Saturday, June 5, 2010

100 years, 100 films 5: His Majesty, the Scarecrow of Oz (1914)

I chose another Oz film, because I thought it would be interesting to compare with 1910's The Wonderful Wizard of Oz, and see just how much American cinema had evolved. And, well, it has evolved, quite a lot - it's rarely impossible to tell what is going on, for example - but, if this film is anything to go by, it hadn't evolved to the point of actually being good.

The problem is that, even though the action is now staged with a certain level of competence (admittedly that level isn't particularly high - there are an awful lot of shots where you just can't see anyone's heads), it never manages to make us forget that this is just a bunch of people in stupid costumes running around in someone's backyard. There's nothing 'special' or 'otherworldly' about any of the locations, and so it just becomes a thing of, "so, what's the difference between Oz and the real world?" I mean, yes, there are witches and wizards and living scarecrows, but those are just magical people. What is magical about the world?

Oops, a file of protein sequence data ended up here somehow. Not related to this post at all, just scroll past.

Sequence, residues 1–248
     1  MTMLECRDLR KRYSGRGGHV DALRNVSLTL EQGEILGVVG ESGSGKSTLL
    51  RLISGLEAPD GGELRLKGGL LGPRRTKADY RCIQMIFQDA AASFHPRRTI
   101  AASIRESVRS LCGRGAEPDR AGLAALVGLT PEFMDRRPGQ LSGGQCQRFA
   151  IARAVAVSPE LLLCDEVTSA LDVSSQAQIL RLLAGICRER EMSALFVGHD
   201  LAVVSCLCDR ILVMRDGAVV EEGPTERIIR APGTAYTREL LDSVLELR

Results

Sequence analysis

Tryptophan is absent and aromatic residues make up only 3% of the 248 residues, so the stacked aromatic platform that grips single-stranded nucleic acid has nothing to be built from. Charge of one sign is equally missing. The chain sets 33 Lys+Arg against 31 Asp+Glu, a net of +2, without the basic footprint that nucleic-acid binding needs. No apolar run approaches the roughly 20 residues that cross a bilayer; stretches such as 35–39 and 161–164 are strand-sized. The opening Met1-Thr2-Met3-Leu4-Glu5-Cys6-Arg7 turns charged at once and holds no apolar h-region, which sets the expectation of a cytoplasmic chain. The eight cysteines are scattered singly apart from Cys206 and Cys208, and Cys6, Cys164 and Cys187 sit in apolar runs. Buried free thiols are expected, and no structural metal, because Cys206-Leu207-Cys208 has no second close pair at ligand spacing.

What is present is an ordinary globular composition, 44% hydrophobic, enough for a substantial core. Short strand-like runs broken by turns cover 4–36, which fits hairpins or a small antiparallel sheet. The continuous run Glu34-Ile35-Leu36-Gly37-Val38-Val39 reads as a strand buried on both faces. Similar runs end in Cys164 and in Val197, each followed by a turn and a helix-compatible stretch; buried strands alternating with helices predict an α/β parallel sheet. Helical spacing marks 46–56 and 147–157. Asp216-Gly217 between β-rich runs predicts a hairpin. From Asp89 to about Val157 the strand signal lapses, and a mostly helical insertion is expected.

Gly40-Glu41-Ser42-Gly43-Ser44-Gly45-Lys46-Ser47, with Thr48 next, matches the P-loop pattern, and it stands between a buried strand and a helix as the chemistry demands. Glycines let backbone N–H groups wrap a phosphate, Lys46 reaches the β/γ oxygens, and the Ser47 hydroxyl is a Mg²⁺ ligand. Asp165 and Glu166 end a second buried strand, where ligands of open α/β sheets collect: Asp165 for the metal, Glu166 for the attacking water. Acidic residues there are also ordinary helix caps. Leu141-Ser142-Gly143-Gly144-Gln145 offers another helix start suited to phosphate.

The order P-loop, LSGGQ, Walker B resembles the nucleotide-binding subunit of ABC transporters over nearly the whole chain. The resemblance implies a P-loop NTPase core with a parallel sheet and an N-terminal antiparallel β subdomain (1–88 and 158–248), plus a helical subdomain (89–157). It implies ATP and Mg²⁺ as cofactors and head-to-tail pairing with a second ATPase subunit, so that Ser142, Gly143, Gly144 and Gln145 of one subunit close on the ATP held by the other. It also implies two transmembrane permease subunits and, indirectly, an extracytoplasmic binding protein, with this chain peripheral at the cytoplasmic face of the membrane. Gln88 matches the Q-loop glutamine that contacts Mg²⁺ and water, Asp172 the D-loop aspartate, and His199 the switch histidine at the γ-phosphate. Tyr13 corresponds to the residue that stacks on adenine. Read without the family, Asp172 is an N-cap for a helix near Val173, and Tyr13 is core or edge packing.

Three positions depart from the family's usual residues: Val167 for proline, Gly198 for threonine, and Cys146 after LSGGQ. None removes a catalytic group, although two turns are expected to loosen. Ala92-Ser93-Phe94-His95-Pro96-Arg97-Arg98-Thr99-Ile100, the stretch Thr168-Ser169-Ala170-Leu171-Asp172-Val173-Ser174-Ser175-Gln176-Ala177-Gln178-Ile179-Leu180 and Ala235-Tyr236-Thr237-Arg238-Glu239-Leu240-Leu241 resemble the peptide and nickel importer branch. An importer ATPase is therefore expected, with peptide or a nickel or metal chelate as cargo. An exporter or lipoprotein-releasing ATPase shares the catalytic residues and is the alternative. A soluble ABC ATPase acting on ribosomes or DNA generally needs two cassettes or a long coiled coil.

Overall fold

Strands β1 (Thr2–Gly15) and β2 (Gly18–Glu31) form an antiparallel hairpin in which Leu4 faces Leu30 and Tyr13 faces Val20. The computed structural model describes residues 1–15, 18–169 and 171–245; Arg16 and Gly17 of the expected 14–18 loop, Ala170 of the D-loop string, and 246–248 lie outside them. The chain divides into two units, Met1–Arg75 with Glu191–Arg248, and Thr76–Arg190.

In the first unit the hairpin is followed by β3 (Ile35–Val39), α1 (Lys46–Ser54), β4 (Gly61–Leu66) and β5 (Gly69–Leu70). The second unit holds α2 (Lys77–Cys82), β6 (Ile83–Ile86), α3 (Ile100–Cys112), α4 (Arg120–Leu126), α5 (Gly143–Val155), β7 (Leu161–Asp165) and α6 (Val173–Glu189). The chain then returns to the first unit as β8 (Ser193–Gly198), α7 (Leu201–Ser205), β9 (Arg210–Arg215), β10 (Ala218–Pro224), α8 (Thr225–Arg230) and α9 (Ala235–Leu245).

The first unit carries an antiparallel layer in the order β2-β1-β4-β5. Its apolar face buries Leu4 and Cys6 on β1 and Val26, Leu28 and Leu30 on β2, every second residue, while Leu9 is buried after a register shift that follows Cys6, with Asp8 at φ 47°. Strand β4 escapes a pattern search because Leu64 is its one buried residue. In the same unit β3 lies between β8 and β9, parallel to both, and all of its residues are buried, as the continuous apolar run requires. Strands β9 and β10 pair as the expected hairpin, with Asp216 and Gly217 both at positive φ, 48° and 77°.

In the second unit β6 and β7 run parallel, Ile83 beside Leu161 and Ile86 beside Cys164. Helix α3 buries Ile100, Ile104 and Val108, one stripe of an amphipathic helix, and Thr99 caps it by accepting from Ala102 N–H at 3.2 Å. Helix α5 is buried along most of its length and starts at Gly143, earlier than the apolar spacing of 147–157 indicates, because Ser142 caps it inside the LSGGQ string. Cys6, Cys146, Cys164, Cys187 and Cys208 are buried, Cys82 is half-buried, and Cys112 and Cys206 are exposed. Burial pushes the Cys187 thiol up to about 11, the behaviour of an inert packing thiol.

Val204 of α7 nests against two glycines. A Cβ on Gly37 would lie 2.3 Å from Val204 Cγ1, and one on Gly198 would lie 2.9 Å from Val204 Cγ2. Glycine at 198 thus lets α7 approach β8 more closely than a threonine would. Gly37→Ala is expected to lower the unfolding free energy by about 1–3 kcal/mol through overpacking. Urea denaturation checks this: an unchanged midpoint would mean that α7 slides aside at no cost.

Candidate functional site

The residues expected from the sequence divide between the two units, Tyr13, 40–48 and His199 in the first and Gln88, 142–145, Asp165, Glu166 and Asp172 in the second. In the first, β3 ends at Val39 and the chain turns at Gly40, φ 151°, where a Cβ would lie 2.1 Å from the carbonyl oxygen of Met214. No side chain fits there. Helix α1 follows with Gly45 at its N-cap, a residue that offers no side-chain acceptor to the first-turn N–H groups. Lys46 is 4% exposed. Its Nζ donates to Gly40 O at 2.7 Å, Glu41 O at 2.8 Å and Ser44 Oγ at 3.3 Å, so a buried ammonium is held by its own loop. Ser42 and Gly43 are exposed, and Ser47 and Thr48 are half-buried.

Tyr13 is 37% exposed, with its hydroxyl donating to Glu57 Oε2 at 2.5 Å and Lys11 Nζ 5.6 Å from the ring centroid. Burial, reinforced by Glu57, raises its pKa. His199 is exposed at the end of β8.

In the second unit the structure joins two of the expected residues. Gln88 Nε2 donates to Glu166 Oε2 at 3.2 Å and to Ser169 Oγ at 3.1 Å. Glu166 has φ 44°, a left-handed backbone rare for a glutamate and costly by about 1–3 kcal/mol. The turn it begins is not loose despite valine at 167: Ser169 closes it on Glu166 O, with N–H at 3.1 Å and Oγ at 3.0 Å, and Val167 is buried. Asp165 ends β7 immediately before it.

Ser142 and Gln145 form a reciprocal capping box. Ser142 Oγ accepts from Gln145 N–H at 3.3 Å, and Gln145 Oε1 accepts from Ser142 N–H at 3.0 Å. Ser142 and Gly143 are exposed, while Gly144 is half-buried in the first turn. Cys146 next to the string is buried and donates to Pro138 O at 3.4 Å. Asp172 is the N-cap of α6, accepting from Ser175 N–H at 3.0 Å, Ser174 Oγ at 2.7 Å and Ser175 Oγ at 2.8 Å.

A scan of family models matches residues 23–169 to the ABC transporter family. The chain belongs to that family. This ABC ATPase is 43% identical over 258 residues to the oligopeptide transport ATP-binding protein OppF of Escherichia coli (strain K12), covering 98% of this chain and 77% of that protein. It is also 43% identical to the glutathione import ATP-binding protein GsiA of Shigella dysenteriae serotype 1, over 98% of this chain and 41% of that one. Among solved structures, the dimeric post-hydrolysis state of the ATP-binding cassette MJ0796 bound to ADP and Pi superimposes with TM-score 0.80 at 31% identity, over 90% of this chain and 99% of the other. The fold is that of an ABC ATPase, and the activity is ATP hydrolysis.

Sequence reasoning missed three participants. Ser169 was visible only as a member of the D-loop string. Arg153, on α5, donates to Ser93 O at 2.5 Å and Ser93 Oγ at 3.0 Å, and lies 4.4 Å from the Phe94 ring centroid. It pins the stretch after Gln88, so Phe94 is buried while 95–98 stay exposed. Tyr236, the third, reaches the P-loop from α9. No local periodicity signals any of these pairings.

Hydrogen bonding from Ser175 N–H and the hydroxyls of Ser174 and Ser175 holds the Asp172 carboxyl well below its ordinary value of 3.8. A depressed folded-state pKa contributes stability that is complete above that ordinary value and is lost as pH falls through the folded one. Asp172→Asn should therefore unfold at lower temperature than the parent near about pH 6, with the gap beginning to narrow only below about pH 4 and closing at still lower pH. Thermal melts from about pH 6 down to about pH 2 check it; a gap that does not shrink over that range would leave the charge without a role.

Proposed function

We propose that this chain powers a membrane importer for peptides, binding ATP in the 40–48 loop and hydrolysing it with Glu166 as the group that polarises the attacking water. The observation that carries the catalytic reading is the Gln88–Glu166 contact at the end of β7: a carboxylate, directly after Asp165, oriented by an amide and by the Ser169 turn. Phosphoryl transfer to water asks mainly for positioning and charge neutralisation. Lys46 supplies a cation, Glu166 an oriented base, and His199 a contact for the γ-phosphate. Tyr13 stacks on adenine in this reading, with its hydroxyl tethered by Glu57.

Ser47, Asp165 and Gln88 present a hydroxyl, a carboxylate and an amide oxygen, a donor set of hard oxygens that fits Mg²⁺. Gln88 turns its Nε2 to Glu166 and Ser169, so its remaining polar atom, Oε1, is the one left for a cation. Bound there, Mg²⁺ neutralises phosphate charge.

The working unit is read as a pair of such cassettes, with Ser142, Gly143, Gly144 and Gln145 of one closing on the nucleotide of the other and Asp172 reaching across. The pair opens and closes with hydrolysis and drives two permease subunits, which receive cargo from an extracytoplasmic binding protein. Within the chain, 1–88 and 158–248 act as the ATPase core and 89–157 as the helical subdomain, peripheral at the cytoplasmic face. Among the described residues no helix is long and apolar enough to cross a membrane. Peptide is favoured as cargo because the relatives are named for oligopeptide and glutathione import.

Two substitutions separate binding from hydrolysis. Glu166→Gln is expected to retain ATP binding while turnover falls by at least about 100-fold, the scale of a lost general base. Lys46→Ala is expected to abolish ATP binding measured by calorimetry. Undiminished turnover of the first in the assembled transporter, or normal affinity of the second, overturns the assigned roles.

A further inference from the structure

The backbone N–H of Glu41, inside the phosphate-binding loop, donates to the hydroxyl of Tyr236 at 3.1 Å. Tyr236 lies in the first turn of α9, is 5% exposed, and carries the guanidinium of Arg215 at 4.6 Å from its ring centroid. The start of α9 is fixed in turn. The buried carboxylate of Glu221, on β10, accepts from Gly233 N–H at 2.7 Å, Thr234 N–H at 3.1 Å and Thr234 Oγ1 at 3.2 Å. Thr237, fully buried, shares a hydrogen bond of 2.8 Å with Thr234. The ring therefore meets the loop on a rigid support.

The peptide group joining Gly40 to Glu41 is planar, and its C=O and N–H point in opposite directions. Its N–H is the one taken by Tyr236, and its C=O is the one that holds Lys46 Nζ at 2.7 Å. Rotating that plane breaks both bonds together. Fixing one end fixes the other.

There are a few moments that work on an "Oz is a magical world" level - there is the surprisingly effective "wall of water", and the castle is somewhat otherworldly looking. But most of the time, it's just a regular patch of land. The best example of this problem is with the introduction of the Cowardly Lion. We get a title card that announces, "the Cowardly Lion is king of the jungle," and then we see a guy in a lion costume sitting in a wheat field. I'm sorry, L. Frank Baum, but that wheat field isn't a jungle, no matter how much you want it to be.

Another problem was the fact that the magic just wasn't very... impressive. The special effects are all just sub-par George Melies rip-off stuff, and this was made at a time when just having someone vanish and turn into a horse or whatever was no longer a novelty. There needed to be something special about the effect, otherwise it just isn't interesting. That's not to say that the effects are bad or anything, they're just... meh.

But, when all is said and done, it wasn't exactly a bad movie, and it was certainly a massive step up from The Wonderful Wizard of Oz.

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